Loading ...
Sorry, an error occurred while loading the content.

16954Ahimsa (from our web site, Meditation Station)

Expand Messages
  • medit8ionsociety
    Jan 26, 2010
    • 0 Attachment
      This is a very much longer than just saying
      "Be good. Do good." but may be beneficial
      as it is a more in-depth look at Ahimsa. Enjoy!

      Ahimsa: The Basis for Meditation (Technique #92)

      No matter what technique you are doing while
      sitting in "formal" meditation, or are applying
      to the rest of your life (perhaps like mindfulness,
      or breath awareness, or mantra, or whatever), the
      first step in the traditional path of Raja Yoga,
      the Yoga of Meditation, is recommended to be
      Ahimsa. Ahimsa is usually defined as non-violence.
      But this goes far deeper than the usual implied
      characteristics of non-violence, like not fighting
      physically, or taking another's life. It deals
      with not causing any harm whatsoever to anyone or
      anything in any way. This means no actions that
      cause verbal or emotional pain, anguish, suffering,
      or even slight discomfort to any living thing is
      what is called for. Since the failure to help ease
      pain is pain causing, inaction can also be against
      this common to all religions direction. So, we are
      pointed to not causing suffering and to eliminate
      it when we see it. This puts us in a very win-win
      situation karma-wise. The things that distract us
      from our meditation the most are the would-of,
      should-of thoughts that fill our mind with guilt
      and anger. Actually living our life in an Ahimsa
      way never feeds the fire of inner gut-feeling pain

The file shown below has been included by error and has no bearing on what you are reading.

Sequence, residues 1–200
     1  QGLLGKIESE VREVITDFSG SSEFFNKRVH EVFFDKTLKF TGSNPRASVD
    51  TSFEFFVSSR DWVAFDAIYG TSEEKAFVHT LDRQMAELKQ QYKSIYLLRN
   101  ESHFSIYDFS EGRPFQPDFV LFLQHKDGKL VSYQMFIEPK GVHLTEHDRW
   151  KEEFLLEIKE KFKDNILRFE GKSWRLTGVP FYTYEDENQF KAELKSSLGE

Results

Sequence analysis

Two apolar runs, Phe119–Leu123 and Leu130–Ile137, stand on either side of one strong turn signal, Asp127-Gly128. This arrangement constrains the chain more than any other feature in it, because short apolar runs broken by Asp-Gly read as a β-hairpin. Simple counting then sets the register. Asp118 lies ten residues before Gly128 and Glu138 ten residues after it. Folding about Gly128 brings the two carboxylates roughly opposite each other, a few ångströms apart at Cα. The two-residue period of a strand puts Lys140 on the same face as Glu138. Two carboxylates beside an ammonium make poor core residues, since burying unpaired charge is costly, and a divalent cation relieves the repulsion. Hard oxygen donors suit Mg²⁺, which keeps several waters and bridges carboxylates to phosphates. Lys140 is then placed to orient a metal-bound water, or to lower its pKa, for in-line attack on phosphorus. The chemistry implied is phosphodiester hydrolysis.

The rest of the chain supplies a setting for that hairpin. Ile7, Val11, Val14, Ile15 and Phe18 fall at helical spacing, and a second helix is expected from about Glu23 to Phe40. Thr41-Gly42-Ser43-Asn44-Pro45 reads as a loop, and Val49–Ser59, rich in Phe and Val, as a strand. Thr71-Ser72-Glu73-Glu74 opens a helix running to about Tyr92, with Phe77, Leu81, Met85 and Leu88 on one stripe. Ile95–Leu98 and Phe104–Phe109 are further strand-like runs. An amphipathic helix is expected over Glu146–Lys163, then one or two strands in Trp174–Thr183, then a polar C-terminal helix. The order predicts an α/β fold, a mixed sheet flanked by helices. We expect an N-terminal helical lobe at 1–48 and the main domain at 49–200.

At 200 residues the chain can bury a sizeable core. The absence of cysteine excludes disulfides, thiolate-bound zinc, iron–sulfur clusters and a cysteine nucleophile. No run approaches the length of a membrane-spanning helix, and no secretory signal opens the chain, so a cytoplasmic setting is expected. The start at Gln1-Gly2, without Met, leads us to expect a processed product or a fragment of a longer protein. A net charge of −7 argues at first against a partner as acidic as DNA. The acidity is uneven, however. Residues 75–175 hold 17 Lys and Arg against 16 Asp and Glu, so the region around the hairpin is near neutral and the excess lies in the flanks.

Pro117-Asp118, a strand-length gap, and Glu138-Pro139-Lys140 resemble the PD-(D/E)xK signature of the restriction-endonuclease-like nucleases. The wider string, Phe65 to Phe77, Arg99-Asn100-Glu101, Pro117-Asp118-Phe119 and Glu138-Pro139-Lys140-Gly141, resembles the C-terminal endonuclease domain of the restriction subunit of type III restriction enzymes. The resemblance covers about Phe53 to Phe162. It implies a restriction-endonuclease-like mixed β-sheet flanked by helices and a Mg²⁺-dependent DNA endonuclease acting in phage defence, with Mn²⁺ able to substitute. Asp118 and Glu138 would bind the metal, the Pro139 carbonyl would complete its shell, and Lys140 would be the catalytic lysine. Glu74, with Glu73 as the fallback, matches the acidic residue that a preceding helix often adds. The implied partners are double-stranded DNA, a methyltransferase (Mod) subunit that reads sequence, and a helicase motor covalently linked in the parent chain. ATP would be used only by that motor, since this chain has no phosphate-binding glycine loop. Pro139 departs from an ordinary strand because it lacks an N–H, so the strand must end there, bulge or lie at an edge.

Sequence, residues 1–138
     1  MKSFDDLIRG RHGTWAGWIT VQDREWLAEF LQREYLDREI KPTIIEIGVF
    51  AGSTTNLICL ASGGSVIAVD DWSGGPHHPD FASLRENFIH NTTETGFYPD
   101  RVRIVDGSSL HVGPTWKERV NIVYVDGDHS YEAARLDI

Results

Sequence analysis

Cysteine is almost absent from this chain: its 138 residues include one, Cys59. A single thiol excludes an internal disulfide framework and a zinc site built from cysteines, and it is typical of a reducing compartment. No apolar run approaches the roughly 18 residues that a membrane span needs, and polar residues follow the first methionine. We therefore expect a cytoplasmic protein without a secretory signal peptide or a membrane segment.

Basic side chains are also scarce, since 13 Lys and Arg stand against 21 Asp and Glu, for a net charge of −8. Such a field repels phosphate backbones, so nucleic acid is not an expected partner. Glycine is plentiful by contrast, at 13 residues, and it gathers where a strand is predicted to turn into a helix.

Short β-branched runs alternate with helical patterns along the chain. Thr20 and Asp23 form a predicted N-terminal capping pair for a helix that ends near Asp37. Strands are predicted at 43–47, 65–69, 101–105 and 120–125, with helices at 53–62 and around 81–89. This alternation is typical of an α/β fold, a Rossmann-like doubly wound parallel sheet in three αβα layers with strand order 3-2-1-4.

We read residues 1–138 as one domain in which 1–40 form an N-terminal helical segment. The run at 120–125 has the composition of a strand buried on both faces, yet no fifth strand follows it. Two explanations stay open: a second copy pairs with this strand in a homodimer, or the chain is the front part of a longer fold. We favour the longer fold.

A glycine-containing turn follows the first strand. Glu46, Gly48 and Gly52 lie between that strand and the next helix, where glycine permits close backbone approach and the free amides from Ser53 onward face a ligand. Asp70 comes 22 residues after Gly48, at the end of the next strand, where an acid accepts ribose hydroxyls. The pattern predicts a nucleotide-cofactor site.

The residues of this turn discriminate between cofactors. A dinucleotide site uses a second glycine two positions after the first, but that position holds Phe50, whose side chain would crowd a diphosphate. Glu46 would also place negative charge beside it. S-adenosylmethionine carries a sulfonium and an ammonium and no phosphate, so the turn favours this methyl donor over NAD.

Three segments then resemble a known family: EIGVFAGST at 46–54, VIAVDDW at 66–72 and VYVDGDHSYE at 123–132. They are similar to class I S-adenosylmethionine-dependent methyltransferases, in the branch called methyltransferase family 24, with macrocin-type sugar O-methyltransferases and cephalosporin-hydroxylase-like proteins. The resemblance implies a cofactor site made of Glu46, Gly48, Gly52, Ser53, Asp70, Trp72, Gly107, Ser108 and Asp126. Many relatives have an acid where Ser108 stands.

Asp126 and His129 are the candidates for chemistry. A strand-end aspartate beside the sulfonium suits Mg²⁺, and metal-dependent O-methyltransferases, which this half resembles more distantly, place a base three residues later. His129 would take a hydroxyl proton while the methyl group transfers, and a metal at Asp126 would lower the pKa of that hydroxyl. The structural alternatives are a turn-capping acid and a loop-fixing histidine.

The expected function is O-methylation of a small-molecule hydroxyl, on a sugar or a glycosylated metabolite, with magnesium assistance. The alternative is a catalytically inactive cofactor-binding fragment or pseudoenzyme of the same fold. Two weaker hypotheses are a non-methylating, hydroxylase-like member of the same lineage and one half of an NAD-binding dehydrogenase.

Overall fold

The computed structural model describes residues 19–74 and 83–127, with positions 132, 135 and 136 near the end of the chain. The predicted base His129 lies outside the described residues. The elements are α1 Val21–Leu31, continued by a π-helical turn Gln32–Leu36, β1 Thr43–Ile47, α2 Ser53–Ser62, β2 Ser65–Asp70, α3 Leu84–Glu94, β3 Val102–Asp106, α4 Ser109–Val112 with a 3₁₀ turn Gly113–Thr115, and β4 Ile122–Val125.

that knowing we have done wrong causes and eliminates
      the mental poison called "Regret" that drowns us
      in a tidal wave of suffering.

      The Ahimsa Meditation Technique

      A way to live your life seems more than just a
      technique, but meditation can be considered a time
      of attention and awareness, and that is certainly
      advantageous at all times, not just for 20 minutes
      in the morning and 20 minutes at night. Ahimsa is
      based on a few basic meditation principles:

      1) We have an inner Witness that has been present
      since birth and is here now, as you are reading
      these words. The Witness is the awareness that can
      see if you have any tension in your body, what your
      emotions are feeling, and what your mind is thinking.

      2) There are only 3 types of actions (called
      Gunas in Sanskrit): Tamas (actions that are
      ignorant, habitual, dark, characterized by inertia,
      and generally negative), Rajas (also ignorant and
      negative, but usually are selfishness-desire based,
      and active actions), and Sattva (pure, righteous,
      light, holy selfless actions).

      3) By Witnessing what is inappropriate (Tamas and
      Rajas actions), we can eliminate those actions that
      cause suffering and flow infinitely better with life.
      It works this way...

      Before every action, there are words. Before words,
      there are thoughts. Before thoughts, the Witness IS.
      At one with the Witness, the meditator is aware of
      the actions, words, and thoughts. If they are of an